Reflectivity and spectral attribute-based reservoir characterization: a case study from "MUN" onshore Niger delta field, Nigeria

Abstract

Reservoir characterization plays a significant role in the exploration, development, and production of hydrocarbon reservoirs. The use of integrated approach in characterization improves on the accuracy, certainty, and robust interpretation of reflectivity data. The study aimed to integrate reflectivity and spectral attributes to adequately characterize hydrocarbon reservoirs in MUN onshore Niger delta field. Well log and rock physics analyses identified and delineated reservoirs, discriminated lithology, characterized fluid, and established relations between elastic and reservoir properties for field-wide interpretation of the reflectivity data. The wells were tied to the reflectivity data, and H4 seismic horizon was mapped. Subsequently, sweetness, reflectivity and spectral attributes were extracted along H4 horizon after inversion and spectral decomposition of the reflectivity data and independently interpreted. Channel-like structure with high-amplitudes, low-to-moderate acoustic impedance (Ip), lambda–rho (λρ) and mu–rho (µρ) attribute values, and high-amplitude low-frequency spectral attributes (15–35 Hz), respectively, characteristics of hydrocarbon saturated channel sands were delineated. The channel reservoir sand is thick, porous with low volume of shale and low to moderate water saturation. Analysis of data further shows that reflectivity attributes provided a better description of fluid characteristics than the sweetness and spectral attributes, but are less sensitive to structure and exaggerated the shape and limits of the channel sands. However, the spectral attributes seem to be more robust than the reflectivity attributes in providing subtle structural and stratigraphic details of the reservoir as well as delineating by-passed hydrocarbons in the field.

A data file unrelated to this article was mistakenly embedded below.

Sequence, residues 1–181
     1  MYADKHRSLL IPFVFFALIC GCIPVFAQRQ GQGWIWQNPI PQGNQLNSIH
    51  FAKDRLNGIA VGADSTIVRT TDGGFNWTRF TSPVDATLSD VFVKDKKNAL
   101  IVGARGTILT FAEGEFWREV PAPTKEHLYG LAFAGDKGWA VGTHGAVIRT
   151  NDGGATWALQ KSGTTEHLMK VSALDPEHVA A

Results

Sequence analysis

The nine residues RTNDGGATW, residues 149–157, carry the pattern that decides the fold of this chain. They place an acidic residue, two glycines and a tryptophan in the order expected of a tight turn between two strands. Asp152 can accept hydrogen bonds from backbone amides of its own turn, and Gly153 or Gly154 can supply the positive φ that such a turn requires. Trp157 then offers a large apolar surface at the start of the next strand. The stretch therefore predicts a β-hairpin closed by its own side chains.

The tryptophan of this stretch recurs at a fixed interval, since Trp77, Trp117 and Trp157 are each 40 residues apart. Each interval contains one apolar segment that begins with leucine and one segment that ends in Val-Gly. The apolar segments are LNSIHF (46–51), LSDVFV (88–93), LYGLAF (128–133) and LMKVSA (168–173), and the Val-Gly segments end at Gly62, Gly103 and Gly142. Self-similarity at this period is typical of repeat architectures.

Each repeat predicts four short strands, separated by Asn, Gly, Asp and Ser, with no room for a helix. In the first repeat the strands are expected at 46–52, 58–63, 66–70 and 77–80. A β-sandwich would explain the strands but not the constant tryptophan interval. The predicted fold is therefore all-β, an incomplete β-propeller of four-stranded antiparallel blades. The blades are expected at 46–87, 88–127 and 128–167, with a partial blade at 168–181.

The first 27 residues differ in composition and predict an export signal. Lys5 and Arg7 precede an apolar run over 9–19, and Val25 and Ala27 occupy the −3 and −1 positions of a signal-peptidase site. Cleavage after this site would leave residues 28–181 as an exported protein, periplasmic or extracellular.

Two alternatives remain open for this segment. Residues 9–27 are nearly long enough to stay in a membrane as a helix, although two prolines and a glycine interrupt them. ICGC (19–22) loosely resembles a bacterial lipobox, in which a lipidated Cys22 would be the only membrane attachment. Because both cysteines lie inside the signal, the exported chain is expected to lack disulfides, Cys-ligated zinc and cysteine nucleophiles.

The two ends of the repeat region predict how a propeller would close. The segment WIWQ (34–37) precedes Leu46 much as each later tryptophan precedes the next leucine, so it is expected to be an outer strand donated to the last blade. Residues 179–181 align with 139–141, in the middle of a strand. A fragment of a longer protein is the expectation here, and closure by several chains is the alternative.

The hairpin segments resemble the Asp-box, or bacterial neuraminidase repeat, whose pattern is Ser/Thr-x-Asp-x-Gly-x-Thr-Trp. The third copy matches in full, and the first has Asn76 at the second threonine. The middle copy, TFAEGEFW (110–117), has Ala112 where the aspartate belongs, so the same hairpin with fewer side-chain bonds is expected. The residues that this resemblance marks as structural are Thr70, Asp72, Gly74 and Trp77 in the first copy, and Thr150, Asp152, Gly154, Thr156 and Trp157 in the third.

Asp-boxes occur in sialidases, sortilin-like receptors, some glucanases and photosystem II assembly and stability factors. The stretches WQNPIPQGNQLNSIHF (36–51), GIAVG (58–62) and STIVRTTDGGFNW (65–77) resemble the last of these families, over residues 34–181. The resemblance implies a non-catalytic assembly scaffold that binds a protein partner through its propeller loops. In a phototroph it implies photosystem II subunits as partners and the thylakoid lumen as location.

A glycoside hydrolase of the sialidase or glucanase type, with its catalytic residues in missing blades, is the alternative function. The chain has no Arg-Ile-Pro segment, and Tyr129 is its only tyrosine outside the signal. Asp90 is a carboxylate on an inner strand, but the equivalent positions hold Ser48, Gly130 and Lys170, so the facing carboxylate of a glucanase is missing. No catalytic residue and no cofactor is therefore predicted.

Introduction

Reflectivity and spectral attributes derived from well and seismic dataset have become potent and robust tools in reservoir characterization, relating seismic responses to reservoir properties. Predrill reservoir characterization is key in estimating the potential for hydrocarbon accumulation and production (Mohamed et al. 2016; Ehirim and Akpan 2017). Characterization entails adequate description of the reservoir properties and structure for improved exploitation and production of hydrocarbons.

Reservoirs are characterized by their properties such as fluid types, water saturation, volume of shale, porosity, permeability, pressure, temperature, thickness, and depth. Therefore, hydrocarbon reservoir characterization is the mapping of geometry, structure/stratigraphy and estimation of relevant properties of the potential reservoir (Eshimokhai and Akhirevbulu 2012; Ajisafe and Ako 2013; Edigbue et al. 2014; Mahmoud et al. 2016; Sanuade et al. 2017).